Re: Crashing g_string_sprintf when printing invalid floats. gtk+-1.2.9 on Linux
- From: Sven Neumann <sven gimp org>
- To: "Eric M. Monsler" <emonsler beamreachnetworks com>
- Cc: gtk-app-devel-list <gtk-app-devel-list gnome org>, "gtk-list gnome org" <gtk-list gnome org>, Christopher Keller <CKeller BeamReachNetworks com>
- Subject: Re: Crashing g_string_sprintf when printing invalid floats. gtk+-1.2.9 on Linux
- Date: 12 Aug 2002 23:07:51 +0200
"Eric M. Monsler" <emonsler beamreachnetworks com> writes:
> I'm jumping lists with this; my apologies, but it's definitely a gtk
> bug and so want to followup to gtk-list.
the correct place to report this would probably have been
> If I try to print a denormalized float with a specific format string,
> e.g. "%6.2f\n", using g_string_sprintf(), the program crashes with an
> error about allocating a negative number of bytes.
> An example program is below, showing the error when compiled and run
> under Linux. I believe that the problem is present in both 1.2.9 and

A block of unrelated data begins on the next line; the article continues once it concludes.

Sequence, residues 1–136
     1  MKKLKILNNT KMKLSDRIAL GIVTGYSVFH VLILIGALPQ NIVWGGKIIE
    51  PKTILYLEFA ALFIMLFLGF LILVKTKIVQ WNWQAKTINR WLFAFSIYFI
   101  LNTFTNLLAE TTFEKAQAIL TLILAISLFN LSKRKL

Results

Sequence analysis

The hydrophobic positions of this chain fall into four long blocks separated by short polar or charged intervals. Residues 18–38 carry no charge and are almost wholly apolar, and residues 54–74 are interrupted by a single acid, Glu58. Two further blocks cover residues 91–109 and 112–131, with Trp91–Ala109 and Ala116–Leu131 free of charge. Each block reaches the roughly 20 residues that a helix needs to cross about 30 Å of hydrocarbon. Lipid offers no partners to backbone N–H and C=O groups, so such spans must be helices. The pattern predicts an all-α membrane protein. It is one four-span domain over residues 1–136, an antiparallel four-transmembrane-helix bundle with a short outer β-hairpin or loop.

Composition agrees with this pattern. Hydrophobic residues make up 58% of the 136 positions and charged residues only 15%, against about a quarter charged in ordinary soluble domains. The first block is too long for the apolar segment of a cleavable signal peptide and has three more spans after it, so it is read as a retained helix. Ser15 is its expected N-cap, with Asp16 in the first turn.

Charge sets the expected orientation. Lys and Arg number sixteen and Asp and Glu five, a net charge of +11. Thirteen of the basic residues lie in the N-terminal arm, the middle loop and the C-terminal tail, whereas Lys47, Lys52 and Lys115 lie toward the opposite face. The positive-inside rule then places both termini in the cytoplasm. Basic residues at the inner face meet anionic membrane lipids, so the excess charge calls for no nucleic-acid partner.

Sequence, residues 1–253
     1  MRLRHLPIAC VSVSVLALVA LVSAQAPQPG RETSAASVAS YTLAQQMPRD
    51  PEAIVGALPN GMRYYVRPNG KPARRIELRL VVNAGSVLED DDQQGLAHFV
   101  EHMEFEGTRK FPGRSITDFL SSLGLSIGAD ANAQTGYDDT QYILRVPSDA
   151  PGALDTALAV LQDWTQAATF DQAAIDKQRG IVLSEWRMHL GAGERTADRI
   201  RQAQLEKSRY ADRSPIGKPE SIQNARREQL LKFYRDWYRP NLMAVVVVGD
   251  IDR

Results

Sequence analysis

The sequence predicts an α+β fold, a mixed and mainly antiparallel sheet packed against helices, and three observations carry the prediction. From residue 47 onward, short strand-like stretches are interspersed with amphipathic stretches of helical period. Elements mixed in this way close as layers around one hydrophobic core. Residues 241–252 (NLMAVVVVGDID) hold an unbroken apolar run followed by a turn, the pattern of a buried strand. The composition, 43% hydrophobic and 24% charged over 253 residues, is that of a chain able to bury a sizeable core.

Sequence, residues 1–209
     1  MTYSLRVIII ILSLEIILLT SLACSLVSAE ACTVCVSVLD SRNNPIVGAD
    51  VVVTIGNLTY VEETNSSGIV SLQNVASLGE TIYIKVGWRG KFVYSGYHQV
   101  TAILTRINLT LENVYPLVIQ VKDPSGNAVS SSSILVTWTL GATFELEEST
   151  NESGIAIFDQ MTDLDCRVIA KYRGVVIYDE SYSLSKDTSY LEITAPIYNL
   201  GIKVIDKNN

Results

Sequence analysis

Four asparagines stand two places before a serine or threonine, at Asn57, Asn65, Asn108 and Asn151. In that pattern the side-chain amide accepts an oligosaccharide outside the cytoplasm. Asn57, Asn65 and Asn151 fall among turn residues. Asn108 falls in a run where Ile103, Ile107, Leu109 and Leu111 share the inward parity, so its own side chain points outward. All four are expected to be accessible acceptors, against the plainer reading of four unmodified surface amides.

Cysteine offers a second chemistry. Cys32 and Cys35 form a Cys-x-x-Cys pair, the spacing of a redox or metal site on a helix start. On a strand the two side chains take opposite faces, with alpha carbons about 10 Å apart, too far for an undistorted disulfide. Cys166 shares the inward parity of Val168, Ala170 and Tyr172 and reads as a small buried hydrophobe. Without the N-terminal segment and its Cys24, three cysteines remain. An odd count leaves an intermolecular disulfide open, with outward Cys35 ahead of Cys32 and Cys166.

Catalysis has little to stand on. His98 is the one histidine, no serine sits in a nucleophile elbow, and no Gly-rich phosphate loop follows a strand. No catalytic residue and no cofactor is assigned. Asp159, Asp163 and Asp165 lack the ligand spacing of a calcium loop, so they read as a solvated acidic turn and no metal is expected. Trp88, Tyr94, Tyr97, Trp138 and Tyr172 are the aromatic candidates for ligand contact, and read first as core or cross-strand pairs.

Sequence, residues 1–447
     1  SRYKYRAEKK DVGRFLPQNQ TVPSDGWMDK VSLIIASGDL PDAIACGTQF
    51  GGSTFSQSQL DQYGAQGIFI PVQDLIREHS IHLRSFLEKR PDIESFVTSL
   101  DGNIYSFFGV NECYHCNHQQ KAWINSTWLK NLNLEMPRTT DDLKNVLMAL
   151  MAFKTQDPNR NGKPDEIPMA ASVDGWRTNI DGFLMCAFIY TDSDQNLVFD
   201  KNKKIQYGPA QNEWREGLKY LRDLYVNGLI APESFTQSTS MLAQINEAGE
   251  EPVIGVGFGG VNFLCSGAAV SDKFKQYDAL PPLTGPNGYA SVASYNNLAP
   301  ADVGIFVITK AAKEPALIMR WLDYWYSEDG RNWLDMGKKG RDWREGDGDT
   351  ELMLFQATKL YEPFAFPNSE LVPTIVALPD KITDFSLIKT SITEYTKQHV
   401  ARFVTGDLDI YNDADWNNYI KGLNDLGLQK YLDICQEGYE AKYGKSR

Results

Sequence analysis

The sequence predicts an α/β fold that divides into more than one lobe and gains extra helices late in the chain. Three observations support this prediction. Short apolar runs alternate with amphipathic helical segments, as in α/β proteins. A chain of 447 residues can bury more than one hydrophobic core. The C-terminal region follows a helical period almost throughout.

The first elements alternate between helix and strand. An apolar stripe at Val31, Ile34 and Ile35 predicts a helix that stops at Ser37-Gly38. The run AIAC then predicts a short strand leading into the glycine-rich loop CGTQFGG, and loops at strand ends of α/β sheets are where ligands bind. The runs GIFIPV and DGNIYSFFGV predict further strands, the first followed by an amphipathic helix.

I can reproduce the problem with gtk+-1.2.10 (or actually glib-1.2.10)
running under Linux on an i686:
GLib-ERROR **: could not allocate -6 bytes
> have two questions:
> 1) Is there ongoing bugfix developement on 1.2.x GTK+?
> 2) Is this bug fixed in Gtk+ 2.0.x?
it seems to work better with GTK+-2.0 (or actually glib-2.0):
> > I am seeing a crash, although with GLib error message, when printing
> > a floating point number.
> > The error message is that GLib is unable to allocate -7 bytes.
> > Which seems reasonable enough.
> > The problem is that the data I am trying to print does not seem to
> > be a valid floating point number. My program needs to be
> > crash-proof in this case, as bad data is going to be encountered. I
> > see that the value that is bad is typically something like
> > "6.0245e-44", which is not valid.
> > The fact that I can read the value means that ddd/gdb is handling it
> > properly, but not g_string_sprintf.
> > Any clues? Any suggestions as to how to clamp the floating point
> > value? I have tried to do so with comparisons to MAX_FLT and
> > MIN_FLT, without success.
I don't think you can reliably perform range tests on uninitialized
memory since the compiler knows about the fact that the value was
never initialized and may optimize the range check away.
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